On Episode 65 of my podcast, I attempted to educate everyone on Sous Vide Cooking. I wanted to write out this blog post for people who didn’t listen to that section, zoned out during it, or just got confused as to what I was talking about.
I started getting into cooking in 2013, and have had the awesome tendency to under or overcook food from time to time. It’s tolerable if I am cooking for just myself, but when I am preparing meals for friends or family there are 2 giant and important issues that stress me out.
- Making sure all of the food is properly cooked
- Getting all of the food done at the same time
Now I have gotten it down to where I can cook some pretty badass meals, and only forget that the fries are in the oven 10% of the time. I came across an article that stated putting food underwater to cook would give you the best steak you have ever eaten. I was of course confused and dismissed it as clickbait. I have cooked some AMAZING steaks over the last few years. After watching a few videos on sous vide / precision cooking I started to understand what it was all about.
Basically Sous Vide is a cooking technique which is French for “Under Vacuum”, but really what is going on is precision cooking. When you cook food, your pretty much just heating it up to a certain temperature. When you cook in the oven, grill or pan, the heat hits the outside of whatever you are cooking and moves inward. When cooking meat, you want the center to reach a temperature to your liking. Once it does there is a good chance the outside and even the outer part of your meat is over the desired temperature.
Precision cookers just maintain water temperature and never lets the water rise above or drop below the temperature you set. This means every bit of the meat, chicken etc you drop into the water (in a vacuum sealed package or bad of course) is cooked all the way through, with the same temperature throughout.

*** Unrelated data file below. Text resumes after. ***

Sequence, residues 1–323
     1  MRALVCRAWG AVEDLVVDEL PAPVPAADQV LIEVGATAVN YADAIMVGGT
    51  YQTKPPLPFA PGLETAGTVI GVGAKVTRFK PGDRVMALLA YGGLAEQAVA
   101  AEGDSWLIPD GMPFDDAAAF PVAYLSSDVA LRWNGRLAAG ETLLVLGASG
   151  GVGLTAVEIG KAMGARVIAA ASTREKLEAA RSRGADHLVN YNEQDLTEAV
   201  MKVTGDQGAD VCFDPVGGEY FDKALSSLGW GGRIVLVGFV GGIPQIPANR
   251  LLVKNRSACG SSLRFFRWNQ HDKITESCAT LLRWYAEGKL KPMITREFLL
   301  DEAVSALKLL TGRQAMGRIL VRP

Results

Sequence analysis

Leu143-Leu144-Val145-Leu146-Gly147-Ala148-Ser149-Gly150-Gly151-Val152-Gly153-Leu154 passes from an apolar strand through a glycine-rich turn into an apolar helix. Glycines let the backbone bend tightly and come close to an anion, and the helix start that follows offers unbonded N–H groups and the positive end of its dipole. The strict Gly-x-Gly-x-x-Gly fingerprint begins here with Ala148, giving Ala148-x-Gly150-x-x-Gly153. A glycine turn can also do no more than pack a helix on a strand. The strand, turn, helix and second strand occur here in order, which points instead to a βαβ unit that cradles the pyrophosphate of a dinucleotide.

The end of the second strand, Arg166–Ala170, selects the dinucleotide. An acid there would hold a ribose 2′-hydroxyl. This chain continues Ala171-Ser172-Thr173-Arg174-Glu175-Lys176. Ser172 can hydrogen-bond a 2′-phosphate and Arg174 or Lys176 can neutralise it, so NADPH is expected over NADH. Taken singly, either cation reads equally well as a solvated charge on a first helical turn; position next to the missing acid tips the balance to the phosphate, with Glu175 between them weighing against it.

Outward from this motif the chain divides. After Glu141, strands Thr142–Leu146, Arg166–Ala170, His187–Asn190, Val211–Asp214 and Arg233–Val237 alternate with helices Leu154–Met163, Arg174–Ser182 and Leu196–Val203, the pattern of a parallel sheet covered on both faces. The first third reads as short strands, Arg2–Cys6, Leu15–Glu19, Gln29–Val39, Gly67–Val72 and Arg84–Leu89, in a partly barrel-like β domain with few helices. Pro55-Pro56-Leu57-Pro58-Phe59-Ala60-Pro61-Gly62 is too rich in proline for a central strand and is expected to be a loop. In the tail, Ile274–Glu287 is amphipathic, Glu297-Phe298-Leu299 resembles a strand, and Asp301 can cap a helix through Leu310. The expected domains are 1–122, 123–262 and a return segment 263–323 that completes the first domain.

Because this process happens a lot slower, everything comes out a lot more tender and juicy. I was skeptical even after watching at least 100 YouTube tutorials, and even getting the Anova Precision Cooker for my birthday.
After making things from steak (fillets, London Broil, Sirloins) burgers, grilled chicken, fried chicken, Italian sausage and mashed potatoes all underwater, I must say precision cooking is magical.
The only 2 downsides that I have experienced are…
- The devices are way too expensive to purchase multiple cookers to have more than 1 type of food going simultaneously.
- Food takes at least three to five times longer to cook making it hard to cook meals after 6pm and still eat at a decent hour.
Both of those issues can be addressed by preparing what you will be eating out ahead of time. I don’t think this type of device is currently for everyone. I hope in the next year or so the price point will drop from $149 – $250 down to $79 – $125. Now I don’t intend the device to replace cooking for me. I am glad I can spend more time working on the sides or dessert portion of big meals while the stress of timing everything just right is decreased.
I will be making a review / tutorial video on precision cooking over the next few weeks. Until then enjoy the pictures of food that I have made using the Aveno Precision Cooker!